And here's the stats:


Still not very interesting, you might be seeing the OS as the 5th thread. Windows 7 is smart enough to park heavy-use threads on loaded cores and do it's own business on an unloaded core if you are loading the CPU heavily, which might be what we are seeing here. Again, the framerate was pegged at 60fps and the GPU was running full-tilt.

Scene 3 - Camp Crystal Lake



This scene is me standing in front of Camp Bearded Rock. There are still a good number of people here, even though it's late at night and in the beta.



Okay, NOW we're seeing something here! I looks like when you're out in the field at least and the game has to show fights and mobs, it's actually spawning at least 6-7 threads! I don't know what these threads are doing or how useful they actually are, but it seems like this game is thread-optimized for a machine which has 7 hardware threads, you know, like a PS3. :lol The game was running around 33fps in this scene but the GPU was still pegged at 100%, suggesting I am heavily GPU-limited at this resolution.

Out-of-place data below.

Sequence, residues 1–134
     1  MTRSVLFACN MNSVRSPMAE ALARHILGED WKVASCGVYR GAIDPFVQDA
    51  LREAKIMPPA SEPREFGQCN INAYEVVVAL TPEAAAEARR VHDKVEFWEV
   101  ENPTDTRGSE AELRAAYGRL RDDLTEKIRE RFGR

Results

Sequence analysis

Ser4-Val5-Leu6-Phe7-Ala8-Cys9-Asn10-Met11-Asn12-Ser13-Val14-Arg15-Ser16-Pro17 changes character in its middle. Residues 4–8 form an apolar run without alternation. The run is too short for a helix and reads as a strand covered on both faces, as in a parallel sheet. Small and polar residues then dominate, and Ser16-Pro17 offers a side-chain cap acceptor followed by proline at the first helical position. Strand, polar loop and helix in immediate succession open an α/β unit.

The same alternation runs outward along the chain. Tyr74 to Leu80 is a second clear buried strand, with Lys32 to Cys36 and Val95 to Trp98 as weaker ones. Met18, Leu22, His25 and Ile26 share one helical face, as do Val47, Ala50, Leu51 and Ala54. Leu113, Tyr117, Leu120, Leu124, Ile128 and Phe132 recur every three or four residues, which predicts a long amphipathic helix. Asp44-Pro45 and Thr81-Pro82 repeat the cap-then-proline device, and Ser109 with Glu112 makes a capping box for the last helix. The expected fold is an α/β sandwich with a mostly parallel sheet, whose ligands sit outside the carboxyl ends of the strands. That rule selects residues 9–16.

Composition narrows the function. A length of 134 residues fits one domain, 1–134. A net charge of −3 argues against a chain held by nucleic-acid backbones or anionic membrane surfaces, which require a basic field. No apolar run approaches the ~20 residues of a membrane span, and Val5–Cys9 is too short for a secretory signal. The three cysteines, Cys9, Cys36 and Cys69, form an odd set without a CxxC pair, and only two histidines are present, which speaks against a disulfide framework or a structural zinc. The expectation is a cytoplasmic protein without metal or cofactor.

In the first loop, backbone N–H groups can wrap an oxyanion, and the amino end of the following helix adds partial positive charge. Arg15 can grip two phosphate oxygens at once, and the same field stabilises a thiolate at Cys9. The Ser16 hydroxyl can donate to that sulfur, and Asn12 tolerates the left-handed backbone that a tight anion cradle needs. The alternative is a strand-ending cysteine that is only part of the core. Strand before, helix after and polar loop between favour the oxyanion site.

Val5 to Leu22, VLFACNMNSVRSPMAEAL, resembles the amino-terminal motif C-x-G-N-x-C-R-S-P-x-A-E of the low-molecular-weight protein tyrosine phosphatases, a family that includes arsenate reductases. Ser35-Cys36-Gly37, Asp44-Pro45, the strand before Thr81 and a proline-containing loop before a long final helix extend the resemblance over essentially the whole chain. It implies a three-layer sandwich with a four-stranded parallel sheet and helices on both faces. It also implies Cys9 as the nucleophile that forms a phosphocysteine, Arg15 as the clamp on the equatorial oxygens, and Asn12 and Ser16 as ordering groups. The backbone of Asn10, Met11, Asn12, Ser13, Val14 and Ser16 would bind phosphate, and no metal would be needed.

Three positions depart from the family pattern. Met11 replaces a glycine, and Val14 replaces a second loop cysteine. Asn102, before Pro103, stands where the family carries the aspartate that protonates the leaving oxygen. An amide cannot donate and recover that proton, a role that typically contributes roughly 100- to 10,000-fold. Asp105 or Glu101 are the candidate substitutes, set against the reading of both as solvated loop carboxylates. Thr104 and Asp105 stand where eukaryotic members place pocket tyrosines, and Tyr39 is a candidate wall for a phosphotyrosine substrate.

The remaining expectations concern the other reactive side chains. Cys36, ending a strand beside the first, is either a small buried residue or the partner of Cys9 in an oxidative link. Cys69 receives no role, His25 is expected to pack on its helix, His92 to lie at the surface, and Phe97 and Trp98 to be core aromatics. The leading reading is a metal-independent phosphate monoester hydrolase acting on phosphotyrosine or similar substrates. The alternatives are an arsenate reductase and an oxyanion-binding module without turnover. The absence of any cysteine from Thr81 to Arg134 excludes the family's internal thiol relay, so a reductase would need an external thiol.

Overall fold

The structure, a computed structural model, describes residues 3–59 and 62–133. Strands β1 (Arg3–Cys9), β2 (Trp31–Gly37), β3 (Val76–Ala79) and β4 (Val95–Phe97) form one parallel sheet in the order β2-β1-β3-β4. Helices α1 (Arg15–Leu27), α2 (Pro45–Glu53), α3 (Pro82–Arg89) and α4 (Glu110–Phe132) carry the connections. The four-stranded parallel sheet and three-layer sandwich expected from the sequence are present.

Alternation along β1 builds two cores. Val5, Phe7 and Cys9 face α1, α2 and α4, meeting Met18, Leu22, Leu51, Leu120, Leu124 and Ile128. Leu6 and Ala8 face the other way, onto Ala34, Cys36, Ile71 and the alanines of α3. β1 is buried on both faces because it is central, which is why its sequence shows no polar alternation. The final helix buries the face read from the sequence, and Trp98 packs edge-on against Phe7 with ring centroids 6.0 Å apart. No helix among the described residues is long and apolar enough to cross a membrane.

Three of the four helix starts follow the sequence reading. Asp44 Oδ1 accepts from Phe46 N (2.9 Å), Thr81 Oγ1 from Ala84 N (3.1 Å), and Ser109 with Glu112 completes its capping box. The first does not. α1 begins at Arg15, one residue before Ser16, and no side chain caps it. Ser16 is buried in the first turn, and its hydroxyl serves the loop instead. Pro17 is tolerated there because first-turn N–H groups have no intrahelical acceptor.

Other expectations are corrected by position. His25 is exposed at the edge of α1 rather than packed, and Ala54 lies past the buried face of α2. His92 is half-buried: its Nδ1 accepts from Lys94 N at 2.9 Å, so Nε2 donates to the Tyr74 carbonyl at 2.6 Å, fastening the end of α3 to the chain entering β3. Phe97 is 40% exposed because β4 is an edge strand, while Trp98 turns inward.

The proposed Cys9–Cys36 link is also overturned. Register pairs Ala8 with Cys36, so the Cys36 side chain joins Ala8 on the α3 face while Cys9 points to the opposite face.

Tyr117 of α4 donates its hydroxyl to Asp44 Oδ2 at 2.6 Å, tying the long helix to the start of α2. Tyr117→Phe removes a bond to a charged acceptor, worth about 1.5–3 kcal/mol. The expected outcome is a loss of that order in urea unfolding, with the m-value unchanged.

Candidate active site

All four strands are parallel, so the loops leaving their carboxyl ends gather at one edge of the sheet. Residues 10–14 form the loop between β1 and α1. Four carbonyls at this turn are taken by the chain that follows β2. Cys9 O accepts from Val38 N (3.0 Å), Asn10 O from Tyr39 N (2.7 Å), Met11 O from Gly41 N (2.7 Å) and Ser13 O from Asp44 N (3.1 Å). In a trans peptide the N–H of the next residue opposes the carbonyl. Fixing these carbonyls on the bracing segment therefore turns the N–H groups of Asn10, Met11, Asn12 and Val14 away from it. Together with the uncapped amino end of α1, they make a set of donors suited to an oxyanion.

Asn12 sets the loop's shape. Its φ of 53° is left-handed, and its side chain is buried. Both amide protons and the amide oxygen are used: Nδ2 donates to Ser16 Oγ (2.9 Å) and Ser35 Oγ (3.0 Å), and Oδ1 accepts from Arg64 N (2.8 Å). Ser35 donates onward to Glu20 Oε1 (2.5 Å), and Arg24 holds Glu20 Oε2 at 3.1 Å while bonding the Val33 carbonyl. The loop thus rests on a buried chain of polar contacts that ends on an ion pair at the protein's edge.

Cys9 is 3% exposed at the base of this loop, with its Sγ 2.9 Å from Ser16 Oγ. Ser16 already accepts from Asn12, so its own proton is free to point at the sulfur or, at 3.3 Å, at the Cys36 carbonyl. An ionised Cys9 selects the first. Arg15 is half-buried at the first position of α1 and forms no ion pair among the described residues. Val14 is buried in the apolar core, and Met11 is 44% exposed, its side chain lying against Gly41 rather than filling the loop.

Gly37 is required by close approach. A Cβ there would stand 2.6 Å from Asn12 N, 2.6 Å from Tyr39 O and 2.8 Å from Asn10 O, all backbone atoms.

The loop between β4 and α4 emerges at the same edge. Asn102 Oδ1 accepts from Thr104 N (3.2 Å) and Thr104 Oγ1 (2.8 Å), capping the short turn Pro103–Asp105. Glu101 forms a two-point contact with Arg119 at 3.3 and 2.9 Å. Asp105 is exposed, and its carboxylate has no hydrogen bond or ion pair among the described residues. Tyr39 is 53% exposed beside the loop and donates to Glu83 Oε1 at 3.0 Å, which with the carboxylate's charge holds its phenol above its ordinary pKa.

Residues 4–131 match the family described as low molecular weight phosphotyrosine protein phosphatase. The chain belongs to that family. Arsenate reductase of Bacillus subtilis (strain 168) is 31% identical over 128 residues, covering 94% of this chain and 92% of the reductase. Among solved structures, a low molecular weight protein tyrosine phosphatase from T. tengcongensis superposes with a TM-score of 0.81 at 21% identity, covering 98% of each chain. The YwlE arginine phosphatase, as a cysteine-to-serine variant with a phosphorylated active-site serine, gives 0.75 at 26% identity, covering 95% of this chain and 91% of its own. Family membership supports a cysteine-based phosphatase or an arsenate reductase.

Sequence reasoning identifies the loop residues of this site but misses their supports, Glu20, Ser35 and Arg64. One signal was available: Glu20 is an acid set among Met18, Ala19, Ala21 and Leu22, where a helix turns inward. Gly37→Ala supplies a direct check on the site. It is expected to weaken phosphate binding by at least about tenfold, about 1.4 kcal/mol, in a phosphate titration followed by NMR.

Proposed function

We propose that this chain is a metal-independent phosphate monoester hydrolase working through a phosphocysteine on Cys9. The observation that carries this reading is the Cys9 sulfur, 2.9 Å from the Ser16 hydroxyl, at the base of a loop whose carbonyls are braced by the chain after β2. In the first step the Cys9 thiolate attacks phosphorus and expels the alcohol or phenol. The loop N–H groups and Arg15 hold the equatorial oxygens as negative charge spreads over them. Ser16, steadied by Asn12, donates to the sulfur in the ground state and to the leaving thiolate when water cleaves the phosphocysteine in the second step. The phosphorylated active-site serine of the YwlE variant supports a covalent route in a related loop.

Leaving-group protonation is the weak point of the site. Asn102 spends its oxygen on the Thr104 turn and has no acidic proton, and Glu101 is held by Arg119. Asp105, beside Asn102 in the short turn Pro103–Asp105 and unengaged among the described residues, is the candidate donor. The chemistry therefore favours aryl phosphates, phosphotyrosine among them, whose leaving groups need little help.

I went out and killed a dodo to check my framerates and I tried to watch the status as well, but obviously it was kind of hard to take a picture of it while fighting. The game did maintain some activity across all 8 virtual cores during the fight.

Analysis:

Now, does this mean you should run out and buy a Core i7 and leave HT on? No, I don't think so. From the blogger's analysis and mine, you can see the game becomes severely GPU-limited anyways once you cross a certain CPU performance threshold. There was no point during my analysis where the GPU usage dropped below 99% while standing still, you can see that in my MSI Afterburner graphs. Obviously when I'm moving and the game is loading, it hitches and hiccups a lot and then GPU usage temporarily drops while the CPU is busy thrashing the hard drive. (I need to get a fucking SSD for this game! :lol)

So I think you can just as happily buy a Core i5-700 series which is the same as Core i7 but with HT disabled in hardware by Intel and get the same level of performance. 8 virtual HT threads still maps to 4 physical cores and you need to be near 100% utilization of all 8 threads, which FFXIV clearly isn't anywhere near, before you get any real benefit from HT's hardware-managed multi-threading versus just letting the operating system manage threads. Most games are like this, actually. HT is great for things like video encoding and other tasks which peg a CPU at 100% on all threads. Games simply don't do this, especially at high resolutions when most people are GPU-limited anyways.